Quotations About / On: FOREST

  • 41.
    The mountains, the forest, and the sea, render men savage; they develop the fierce, but yet do not destroy the human.
    (Victor Hugo (1802-1885), French poet, dramatist, novelist. "Fantine," bk. 2, ch. 6, Les Misérables (1862).)
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  • 42.
    While there we heard the Indian fire his gun twice.... This sudden, loud, crashing noise in the still aisles of the forest, affected me like an insult to nature, or ill manners at any rate, as if you were to fire a gun in a hall or temple.
    (Henry David Thoreau (1817-1862), U.S. philosopher, author, naturalist. "The Allegash and East Branch" (1864) in The Maine Woods (1864), in The Writings of Henry David Thoreau, vol. 3, p. 213, Houghton Mifflin (1906).)
  • 43.
    When the State wishes to endow an academy or university, it grants it a tract of forest land: one saw represents an academy, a gang, a university.
    (Henry David Thoreau (1817-1862), U.S. philosopher, author, naturalist. "The Allegash and East Branch" (1864) in The Maine Woods (1864), in The Writings of Henry David Thoreau, vol. 3, p. 252, Houghton Mifflin (1906).)
    More quotations from: Henry David Thoreau, forest
  • 44.
    In the woods in a winter afternoon one will see as readily the origin of the stained glass window, with which Gothic cathedrals are adorned, in the colors of the western sky seen through the bare and crossing branches of the forest.
    (Ralph Waldo Emerson (1803-1882), U.S. essayist, poet, philosopher. "History," Essays, First Series (1841, repr. 1847).)
  • 45.
    The mission of men there seems to be, like so many busy demons, to drive the forest all out of the country, from every solitary beaver swamp and mountain-side, as soon as possible.
    (Henry David Thoreau (1817-1862), U.S. philosopher, author, naturalist. "Ktaadn" (1848) in The Maine Woods (1864), in The Writings of Henry David Thoreau, vol. 3, pp. 5-6, Houghton Mifflin (1906).)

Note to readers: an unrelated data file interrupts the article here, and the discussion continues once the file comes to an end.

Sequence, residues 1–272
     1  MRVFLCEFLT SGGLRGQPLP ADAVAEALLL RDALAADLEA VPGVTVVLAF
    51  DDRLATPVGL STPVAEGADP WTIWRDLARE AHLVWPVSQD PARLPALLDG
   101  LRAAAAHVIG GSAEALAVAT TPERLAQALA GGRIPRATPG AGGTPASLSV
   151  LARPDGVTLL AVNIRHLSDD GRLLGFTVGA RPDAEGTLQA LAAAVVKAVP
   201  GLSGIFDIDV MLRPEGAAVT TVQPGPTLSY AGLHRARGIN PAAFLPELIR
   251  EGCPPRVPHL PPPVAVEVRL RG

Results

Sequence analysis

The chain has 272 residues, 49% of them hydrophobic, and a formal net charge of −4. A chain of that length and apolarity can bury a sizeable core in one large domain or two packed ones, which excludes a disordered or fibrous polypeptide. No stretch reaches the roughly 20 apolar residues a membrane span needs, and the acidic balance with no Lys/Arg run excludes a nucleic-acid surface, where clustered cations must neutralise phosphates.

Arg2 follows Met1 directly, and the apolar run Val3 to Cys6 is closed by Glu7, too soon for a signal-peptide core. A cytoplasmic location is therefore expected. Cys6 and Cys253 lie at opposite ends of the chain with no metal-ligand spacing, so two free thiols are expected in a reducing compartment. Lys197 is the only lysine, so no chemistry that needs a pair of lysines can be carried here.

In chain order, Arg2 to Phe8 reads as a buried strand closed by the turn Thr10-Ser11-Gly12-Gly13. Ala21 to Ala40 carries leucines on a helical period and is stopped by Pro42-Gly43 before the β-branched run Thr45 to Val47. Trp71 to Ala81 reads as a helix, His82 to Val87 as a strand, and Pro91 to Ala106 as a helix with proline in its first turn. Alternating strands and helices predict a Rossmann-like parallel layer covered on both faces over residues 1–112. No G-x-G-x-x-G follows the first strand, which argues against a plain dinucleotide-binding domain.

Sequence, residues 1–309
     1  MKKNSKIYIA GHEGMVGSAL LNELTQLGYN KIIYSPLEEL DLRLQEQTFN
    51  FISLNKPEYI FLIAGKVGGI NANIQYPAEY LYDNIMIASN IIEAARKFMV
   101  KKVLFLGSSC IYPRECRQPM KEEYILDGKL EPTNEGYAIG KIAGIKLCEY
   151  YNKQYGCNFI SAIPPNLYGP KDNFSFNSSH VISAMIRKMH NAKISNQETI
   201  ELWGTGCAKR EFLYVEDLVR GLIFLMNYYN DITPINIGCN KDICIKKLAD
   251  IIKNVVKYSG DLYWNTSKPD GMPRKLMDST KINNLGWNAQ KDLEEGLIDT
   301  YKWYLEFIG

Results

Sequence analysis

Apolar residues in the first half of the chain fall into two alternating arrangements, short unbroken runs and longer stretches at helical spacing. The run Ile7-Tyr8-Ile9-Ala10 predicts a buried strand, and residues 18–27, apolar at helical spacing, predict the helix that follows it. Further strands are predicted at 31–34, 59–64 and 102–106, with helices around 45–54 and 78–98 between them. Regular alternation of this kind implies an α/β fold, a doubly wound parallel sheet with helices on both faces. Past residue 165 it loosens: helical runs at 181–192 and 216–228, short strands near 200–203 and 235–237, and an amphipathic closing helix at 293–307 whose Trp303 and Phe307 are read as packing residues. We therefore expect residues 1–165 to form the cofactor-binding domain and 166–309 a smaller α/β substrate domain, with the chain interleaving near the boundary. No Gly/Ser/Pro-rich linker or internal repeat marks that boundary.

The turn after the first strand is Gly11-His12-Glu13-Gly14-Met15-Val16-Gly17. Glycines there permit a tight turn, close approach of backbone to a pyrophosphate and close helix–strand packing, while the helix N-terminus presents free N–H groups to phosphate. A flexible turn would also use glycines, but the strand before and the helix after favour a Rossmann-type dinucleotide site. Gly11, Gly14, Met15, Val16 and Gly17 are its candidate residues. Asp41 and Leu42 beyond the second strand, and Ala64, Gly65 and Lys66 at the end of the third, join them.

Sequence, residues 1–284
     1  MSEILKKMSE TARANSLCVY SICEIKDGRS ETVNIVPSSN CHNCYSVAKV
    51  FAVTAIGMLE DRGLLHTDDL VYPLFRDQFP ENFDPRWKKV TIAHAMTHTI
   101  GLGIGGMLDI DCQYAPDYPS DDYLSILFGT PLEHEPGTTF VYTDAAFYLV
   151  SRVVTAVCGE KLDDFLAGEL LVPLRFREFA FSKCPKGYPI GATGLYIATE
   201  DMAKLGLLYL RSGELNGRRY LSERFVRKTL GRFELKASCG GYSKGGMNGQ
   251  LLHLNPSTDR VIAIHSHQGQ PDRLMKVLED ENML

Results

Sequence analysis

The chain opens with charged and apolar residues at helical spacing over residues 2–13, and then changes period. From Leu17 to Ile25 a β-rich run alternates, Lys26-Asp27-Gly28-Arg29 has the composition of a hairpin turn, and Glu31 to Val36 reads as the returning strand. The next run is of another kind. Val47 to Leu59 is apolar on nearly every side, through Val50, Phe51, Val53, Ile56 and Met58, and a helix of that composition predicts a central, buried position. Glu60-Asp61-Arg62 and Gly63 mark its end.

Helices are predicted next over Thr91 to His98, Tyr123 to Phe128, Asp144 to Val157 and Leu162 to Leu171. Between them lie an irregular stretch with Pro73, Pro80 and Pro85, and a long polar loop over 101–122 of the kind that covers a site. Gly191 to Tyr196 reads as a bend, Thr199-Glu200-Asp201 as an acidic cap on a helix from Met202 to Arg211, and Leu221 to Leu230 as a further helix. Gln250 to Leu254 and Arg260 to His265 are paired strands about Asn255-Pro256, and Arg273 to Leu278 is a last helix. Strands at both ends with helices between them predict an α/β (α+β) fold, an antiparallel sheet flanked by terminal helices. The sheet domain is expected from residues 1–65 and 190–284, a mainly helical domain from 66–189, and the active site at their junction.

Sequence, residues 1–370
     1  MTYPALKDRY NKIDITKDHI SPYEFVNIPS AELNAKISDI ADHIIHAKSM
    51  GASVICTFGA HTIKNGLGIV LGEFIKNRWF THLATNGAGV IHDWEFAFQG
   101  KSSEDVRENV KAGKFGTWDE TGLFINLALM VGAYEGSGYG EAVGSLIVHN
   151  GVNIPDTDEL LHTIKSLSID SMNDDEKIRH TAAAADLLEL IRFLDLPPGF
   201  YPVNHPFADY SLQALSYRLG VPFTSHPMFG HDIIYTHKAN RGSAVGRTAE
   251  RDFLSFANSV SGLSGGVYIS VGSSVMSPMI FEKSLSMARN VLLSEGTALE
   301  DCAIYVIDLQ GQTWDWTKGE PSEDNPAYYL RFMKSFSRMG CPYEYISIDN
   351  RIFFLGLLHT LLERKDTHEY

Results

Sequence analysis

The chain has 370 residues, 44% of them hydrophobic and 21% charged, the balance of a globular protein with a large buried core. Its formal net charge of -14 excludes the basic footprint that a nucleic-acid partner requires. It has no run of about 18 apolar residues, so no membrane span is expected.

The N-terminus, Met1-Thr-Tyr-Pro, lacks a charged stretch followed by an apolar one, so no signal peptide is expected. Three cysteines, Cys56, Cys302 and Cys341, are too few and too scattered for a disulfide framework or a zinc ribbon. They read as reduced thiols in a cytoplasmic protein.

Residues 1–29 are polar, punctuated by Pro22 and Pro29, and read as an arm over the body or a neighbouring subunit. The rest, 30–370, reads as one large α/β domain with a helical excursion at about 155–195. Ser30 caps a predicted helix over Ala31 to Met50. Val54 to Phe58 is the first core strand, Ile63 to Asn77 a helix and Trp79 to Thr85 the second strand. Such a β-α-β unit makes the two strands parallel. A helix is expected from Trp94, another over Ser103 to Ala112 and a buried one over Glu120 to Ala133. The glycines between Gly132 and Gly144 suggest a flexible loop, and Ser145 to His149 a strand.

More quotations from: Henry David Thoreau, forest
  • 46.
    A hermitage in the forest is the refuge of the narrow-minded misanthrope; a hammock on the ocean is the asylum for the generous distressed.
    (Herman Melville (1819-1891), U.S. author. Israel Potter (1855), ch. 2, The Writings of Herman Melville, vol. 8, eds. Harrison Hayford, Hershel Parker, and G. Thomas Tanselle (1982).)
    More quotations from: Herman Melville, ocean, forest
  • 47.
    There are enough fagots and waste wood of all kinds in the forests of most of our towns to support many fires, but which at present warm none, and, some think, hinder the growth of the young wood.
    (Henry David Thoreau (1817-1862), U.S. philosopher, author, naturalist. Walden (1854), in The Writings of Henry David Thoreau, vol. 2, p. 275, Houghton Mifflin (1906).)
    More quotations from: Henry David Thoreau
  • 48.
    I perceive that in these woods the earliest settlements are, for various reasons, clustering about the lakes, but partly, I think, for the sake of the neighborhood as the oldest clearings. They are forest schools already established,—great centres of light.
    (Henry David Thoreau (1817-1862), U.S. philosopher, author, naturalist. "The Allegash and East Branch" (1864) in The Maine Woods (1864), in The Writings of Henry David Thoreau, vol. 3, p. 219, Houghton Mifflin (1906).)
    More quotations from: Henry David Thoreau, forest, light
  • 49.
    Every book is a quotation; and every house is a quotation out of all forests, and mines, and stone quarries; and every man is a quotation from all his ancestors.
    (Ralph Waldo Emerson (1803-1882), U.S. essayist, poet, philosopher. "Plato; or, the Philosopher," Representative Men (1850).)
    More quotations from: Ralph Waldo Emerson, house
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